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Re: Re: Help with H. americana!


You're welcome, Kitty.. Well, with little root on the Cyclamen, keep
them on the dry side of moist until they can put out some roots -
don't let them totally dry out.   I'm assuming they're dormant and
will prob. stay that way until late summer/early fall when it's their
normal time to wake up.

Ref the cold frame.  I have a block one, dug into the ground.   When
that's all I had, I used to put the cover down when the weather got
cold and cover that with old rugs and black plastic and just leave it
until spring when I could open it again.  Everything, including
evergreen stuff, came thru just fine.  That frame's filled with sand,
so I plunged the pots in it up to their rims and since it went into
winter damp from rains from the top being open, it stayed damp enough
for everything in the frame.

You could do the same with a straw frame lined with plastic and
filled with sand, and it sounds like you've got one more or less
started with your bales protecting plants outdoors.

This time of year, for new acquisitions, it's a bit more difficult,
BUT unless temps were heading down into the 20s, you could probably
leave the frame cracked all the time and still have it provide
adequate protection for hardy plants who arrive dormant or just
waking up.

Marge Talt, zone 7 Maryland
mtalt@hort.net
Shadyside Garden Designs

----------
> From: Kitty <kmrsy@comcast.net>
> 
> Thanks Marge.  All the plants are potted in a medium with
reasonably good 
> drainage.  The Cyclamen is hederifolium; very little root but
really large 
> tubers.  I'm not good with Penstemon either.  This one looks
vigorous 
> though - it's woody and has about 16 inches of growth on it. 
Verbascum is 
> something else that I've always killed and this one, though it has
begun to 
> leaf out, is small yet.  The Erigeron look as though they'll be no
problem.
> 
> I don't have space for a cold frame, but the main reason is that I
am 
> positive I'd do more damage with one than without.  I can't afford
an 
> automatic opener/closer.  I KNOW I will forget to open and close as
needed.
> 
> I have about 400 pots out there from last fall huddled against the
house in 
> 2 places, covered with leaves and surrounded by upright straw
sections. 
> I'll uncover them in a week or so.  They don't need daily
diligence, so it's 
> a method I can manage.
> 
> I'll do the shop light thing for awhile and next week when the lows
are 30s 
> I can move the Greer plants to the Florida rm.
> 
> Kitty
> neIN, Zone 5
> ----- Original Message ----- 
> From: "Marge Talt" <mtalt@hort.net>
> To: <gardenchat@hort.net>
> Sent: Saturday, March 25, 2006 5:11 AM
> Subject: Re: [CHAT] Re: Help with H. americana!
> 
> 
> > Andrea....not Kitty, but I have received numerous lovely, large
and
> > healthy plants from Greer over the years.  Harold Greer, who owns
it,
> > is a world class authority on rhododendrons.  You should get a
good
> > plant.
> >
> > Kitty...
> >
> > Your cyclamen tubers should be fine if what you planted them in
has
> > good drainage and you can keep them cool but not freezing.  Keep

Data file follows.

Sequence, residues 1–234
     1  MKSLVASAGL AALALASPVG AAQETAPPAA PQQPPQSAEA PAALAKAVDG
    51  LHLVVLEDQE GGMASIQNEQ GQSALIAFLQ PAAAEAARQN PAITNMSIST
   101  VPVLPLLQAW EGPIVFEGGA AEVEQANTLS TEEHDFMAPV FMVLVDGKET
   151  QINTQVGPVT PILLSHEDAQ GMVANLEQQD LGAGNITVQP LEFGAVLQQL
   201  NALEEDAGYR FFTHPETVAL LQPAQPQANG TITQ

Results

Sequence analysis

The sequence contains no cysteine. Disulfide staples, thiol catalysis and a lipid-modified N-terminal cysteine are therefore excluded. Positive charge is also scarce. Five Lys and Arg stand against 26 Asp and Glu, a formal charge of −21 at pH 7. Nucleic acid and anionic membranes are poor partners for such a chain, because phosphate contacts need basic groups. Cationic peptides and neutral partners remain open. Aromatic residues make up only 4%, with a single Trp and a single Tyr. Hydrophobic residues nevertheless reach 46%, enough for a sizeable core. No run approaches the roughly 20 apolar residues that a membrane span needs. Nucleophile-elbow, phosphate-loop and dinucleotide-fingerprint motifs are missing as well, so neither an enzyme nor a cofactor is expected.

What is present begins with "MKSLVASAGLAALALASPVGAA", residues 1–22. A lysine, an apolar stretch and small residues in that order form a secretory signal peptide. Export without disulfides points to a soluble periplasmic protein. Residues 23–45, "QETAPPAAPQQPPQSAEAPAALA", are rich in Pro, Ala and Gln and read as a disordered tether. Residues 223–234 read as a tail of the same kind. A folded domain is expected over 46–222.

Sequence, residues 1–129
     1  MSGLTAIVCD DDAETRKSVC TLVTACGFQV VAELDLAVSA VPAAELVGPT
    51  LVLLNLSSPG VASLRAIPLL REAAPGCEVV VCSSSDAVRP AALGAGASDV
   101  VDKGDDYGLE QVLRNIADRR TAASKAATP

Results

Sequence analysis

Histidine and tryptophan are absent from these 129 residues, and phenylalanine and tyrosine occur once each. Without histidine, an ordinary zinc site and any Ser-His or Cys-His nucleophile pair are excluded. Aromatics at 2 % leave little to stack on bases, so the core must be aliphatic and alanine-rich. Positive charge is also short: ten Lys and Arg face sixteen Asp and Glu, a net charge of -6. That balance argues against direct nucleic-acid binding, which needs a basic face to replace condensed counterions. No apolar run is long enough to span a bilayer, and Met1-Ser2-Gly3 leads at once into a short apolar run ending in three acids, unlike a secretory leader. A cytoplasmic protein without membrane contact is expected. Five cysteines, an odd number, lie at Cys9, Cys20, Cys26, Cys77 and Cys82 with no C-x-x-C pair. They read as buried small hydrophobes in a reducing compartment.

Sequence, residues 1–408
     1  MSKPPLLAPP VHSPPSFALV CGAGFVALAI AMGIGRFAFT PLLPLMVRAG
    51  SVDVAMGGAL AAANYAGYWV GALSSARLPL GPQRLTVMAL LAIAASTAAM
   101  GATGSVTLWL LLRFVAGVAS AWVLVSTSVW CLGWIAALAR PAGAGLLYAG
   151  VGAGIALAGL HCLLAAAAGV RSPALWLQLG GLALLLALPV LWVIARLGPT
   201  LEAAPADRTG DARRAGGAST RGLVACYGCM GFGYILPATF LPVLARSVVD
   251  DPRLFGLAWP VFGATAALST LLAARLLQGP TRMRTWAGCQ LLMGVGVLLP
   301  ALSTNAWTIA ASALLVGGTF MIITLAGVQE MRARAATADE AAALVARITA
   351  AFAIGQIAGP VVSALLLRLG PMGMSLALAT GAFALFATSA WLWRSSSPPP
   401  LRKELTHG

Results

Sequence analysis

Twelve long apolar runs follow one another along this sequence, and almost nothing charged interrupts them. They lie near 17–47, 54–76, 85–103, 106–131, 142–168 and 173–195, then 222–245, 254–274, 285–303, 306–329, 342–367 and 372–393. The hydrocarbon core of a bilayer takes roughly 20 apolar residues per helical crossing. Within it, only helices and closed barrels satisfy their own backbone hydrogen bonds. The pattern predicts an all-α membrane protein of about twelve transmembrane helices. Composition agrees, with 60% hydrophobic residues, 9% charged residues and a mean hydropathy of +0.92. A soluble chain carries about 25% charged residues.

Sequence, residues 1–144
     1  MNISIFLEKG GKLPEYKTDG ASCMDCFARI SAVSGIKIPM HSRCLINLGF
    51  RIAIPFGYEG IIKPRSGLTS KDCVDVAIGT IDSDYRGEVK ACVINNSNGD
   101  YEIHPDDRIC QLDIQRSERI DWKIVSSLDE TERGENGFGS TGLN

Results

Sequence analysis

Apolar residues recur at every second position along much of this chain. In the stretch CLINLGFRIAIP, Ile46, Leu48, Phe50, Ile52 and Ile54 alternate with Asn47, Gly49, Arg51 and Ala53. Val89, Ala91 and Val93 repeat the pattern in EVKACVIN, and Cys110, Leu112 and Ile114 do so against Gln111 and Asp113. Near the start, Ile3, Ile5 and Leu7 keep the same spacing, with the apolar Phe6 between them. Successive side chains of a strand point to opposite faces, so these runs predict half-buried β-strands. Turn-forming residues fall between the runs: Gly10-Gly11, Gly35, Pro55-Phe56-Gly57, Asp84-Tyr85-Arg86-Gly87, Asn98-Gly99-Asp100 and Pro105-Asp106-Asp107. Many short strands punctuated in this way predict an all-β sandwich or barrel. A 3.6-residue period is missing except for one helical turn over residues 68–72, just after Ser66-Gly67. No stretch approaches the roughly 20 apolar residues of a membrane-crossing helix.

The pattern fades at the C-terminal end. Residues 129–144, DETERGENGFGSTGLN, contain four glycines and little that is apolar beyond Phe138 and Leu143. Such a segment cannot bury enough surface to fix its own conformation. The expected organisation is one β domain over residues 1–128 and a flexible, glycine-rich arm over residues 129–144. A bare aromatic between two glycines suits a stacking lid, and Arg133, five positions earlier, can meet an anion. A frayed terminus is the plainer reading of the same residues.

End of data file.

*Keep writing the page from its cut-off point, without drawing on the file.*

> > moist but not wet.  Which species Cyclamen?
> >
> > No words of wisdom on Penstemon; I only kill them on contact. 
Don't
> > grow Erigeron.  Verbascum, if in leaf, is going to want as much
light
> > as you can muster and good drainage.
> >
> > I should imagine all the above would do better in a cool to cold
but
> > not freezing location.  The cooler it is, the slower they'll
start
> > into major growth, which is best if they have to be indoors.  If
you
> > don't have enough window, get one of those standard shop lights
at
> > Home Despot or Lowes; they're not expensive; and hang it above
where
> > you're keeping the plants and leave it on 24x7.  Seems to work in
my
> > garage.  Start schlepping them out during the day if it's above
> > freezing, if you can manage it.  I don't know if they were
greenhouse
> > grown or field grown but even if field grown, Greer is in a
milder
> > climate than you are, so I should imagine they'd need hardening
off
> > before you put them out.
> >
> > You need a cold frame, lady, if you can't manage a greenhouse! 
Would
> > make your life easier all the way around:-)  You could make one
of
> > straw bales and plastic for winter use.
> >
> > Marge Talt, zone 7 Maryland
> > mtalt@hort.net
> > Shadyside Garden Designs
> >
> > ----------
> >> From: raider843@earthlink.net
> >>
> >> Kitty, have you had good luck with Greer? I ordered an Azalea
'Anna
> > Kehr'
> >> from them today. They were the ONLY nursery that had it that I
> > could find.
> >> I'm paying through the nose for it but I desperately want to
> > replace the
> >> one I left behind when I moved.
> >> A
> >>
> >> Andrea
> >> Beaufort, SC Zone 8b
> >> raider843@earthlink.net
> >>
> >>
> >> > [Original Message]
> >> > From: Kitty <kmrsy@comcast.net>
> >> >
> >> > Sorry to hear about the damage, Chris.  Some things are
perhaps
> > too
> >> delicate
> >> > to be handled that way.  Glad they gave you the use of their
> > photos.  Do
> >> > they take all their own photos?
> >> >
> >> > The Greer order I received had a couple of cyclamen. 
Nice-sized
> > tubers.
> >> I
> >> > potted them up in qts and the tubers are almost that big
across.
> > I hope
> >> > they survive.
> >> > Also potted 3 Erigeron 'Darkest of All' (one so big I barely
> > could get it
> >> > into a trade gallon) 1 big Penstemon, and a Verbascum. 
Anything
> > anyone
> >> > wants to tell me about them as far as holding them until
mid-May?
> >
> >
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> 
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